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Finally, the US stock market might be running out of steam after six years of the US Federal Reserve's "easy money". In August 2007 when the subprime crisis hit the US market, the Fed had plenty of firepower. Fed fund rates stood at 5.25 per cent and the Fed's balance sheet was only $850 billion. After the Wall Street crash in 2008 the Fed engineered a massive bailout, at one time printing $16 trillion to rescue the US and other global banks. Interest rates were cut sharply, to 0.25 per cent, a level unchanged now for seven years running. And the Fed launched the quantitative easing (QE) programme to buy out mortgage-backed securities from banks so as to keep the banks and the US government afloat.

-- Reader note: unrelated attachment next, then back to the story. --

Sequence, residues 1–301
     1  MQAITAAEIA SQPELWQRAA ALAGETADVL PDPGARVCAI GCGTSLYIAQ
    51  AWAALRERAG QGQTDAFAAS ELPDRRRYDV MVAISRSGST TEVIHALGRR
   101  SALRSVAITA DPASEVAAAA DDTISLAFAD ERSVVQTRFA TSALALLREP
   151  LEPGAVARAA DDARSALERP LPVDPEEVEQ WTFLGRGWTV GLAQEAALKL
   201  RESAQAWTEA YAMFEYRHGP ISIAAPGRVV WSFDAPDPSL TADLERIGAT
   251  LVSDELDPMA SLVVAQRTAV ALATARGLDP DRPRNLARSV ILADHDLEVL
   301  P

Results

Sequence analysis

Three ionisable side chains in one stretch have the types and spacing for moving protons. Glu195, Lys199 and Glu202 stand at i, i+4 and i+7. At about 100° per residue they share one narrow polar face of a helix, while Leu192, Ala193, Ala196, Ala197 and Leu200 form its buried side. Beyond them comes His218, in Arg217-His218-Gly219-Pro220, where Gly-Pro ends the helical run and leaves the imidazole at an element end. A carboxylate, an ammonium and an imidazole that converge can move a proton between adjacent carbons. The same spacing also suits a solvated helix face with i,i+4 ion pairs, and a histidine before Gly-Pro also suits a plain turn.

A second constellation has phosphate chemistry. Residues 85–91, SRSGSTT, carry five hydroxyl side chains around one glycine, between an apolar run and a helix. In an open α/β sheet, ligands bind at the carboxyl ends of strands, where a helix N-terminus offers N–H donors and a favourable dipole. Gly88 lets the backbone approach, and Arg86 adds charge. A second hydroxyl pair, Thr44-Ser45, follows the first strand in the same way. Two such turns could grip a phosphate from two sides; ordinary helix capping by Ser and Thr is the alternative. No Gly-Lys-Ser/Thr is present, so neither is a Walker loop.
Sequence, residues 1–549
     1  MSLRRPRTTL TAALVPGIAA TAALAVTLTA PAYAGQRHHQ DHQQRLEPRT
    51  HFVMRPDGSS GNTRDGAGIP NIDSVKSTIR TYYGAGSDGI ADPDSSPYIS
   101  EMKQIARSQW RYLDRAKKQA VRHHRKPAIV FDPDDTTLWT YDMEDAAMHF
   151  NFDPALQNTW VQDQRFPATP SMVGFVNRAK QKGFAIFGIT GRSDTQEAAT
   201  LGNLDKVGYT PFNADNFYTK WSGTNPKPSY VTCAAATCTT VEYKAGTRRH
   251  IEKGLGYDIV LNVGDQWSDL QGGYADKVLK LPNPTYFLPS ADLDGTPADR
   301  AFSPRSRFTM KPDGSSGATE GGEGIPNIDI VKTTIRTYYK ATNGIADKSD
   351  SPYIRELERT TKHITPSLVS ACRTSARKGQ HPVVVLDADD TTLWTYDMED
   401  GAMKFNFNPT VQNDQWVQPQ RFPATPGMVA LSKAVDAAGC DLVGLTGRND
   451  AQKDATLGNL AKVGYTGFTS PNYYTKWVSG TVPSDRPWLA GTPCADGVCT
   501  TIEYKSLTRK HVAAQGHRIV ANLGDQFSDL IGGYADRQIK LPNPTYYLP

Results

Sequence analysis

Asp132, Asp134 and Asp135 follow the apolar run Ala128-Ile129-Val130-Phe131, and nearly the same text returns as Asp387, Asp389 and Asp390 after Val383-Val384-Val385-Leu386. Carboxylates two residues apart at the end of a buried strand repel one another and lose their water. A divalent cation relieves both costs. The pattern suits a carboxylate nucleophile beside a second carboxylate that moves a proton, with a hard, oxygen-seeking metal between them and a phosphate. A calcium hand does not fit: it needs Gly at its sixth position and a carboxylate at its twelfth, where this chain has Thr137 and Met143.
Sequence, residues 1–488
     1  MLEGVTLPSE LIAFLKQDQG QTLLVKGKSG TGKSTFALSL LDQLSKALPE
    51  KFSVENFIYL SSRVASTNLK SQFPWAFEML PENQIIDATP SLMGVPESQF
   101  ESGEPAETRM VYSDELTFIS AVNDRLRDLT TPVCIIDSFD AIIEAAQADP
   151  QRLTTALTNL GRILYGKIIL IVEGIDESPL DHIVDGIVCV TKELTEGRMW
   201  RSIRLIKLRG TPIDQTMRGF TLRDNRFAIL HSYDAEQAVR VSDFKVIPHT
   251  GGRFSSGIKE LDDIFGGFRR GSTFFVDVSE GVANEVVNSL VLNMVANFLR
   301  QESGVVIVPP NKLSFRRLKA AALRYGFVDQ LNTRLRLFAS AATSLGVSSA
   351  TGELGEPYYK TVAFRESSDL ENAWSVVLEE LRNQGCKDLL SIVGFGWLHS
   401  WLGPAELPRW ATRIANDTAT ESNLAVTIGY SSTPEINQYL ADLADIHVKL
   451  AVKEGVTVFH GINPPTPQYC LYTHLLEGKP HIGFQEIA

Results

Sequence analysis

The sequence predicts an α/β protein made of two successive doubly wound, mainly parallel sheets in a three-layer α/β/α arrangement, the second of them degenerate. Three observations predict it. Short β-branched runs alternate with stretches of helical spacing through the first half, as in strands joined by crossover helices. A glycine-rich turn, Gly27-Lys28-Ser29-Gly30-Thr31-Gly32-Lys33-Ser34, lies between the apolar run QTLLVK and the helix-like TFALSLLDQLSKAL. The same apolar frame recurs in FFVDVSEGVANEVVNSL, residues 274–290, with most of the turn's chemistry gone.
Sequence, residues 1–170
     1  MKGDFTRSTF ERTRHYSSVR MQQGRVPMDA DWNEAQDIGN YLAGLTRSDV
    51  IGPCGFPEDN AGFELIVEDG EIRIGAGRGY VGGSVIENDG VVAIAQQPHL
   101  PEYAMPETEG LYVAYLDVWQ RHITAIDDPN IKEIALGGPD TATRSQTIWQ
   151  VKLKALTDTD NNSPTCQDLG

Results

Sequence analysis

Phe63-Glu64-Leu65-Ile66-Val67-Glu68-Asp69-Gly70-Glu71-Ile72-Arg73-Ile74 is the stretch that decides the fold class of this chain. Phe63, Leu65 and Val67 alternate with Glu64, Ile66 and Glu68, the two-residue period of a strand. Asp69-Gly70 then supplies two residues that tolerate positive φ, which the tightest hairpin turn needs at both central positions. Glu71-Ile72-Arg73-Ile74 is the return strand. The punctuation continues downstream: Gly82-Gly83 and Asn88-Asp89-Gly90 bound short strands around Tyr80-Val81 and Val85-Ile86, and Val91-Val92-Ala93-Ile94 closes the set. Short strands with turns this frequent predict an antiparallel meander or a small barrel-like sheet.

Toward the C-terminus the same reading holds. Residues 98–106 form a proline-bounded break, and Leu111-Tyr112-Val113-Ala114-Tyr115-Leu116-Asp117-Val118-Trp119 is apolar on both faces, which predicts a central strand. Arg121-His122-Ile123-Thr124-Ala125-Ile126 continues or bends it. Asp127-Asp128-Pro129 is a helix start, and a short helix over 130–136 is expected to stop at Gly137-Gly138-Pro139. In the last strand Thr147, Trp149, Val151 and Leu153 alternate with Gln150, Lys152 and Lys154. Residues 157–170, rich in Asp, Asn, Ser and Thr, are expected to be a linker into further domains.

We all know that what goes up must come down. The US stock market has benefited from the QE programme, which uses easy money to trigger speculative buying of equities. Now, seven years later, there are fears that US stocks can't continue to rise forever, as judged by the swing of equity prices over the past week or so. The trouble is that this time the Fed has run out of ammunition. The interest rate, which is almost zero, can't be brought down further. If a crisis were to hit the US market again, and it will, the Fed will be caught without any rescue tools. Some say the market could crash 50 per cent. Others, such as "The Death of Money" author James Rickards, argue that it could collapse by 70-80 per cent. When will it happen? Nobody knows for sure about the timing. What is certain is that the US is engaging in several battles all at once, each posing huge risks to global stability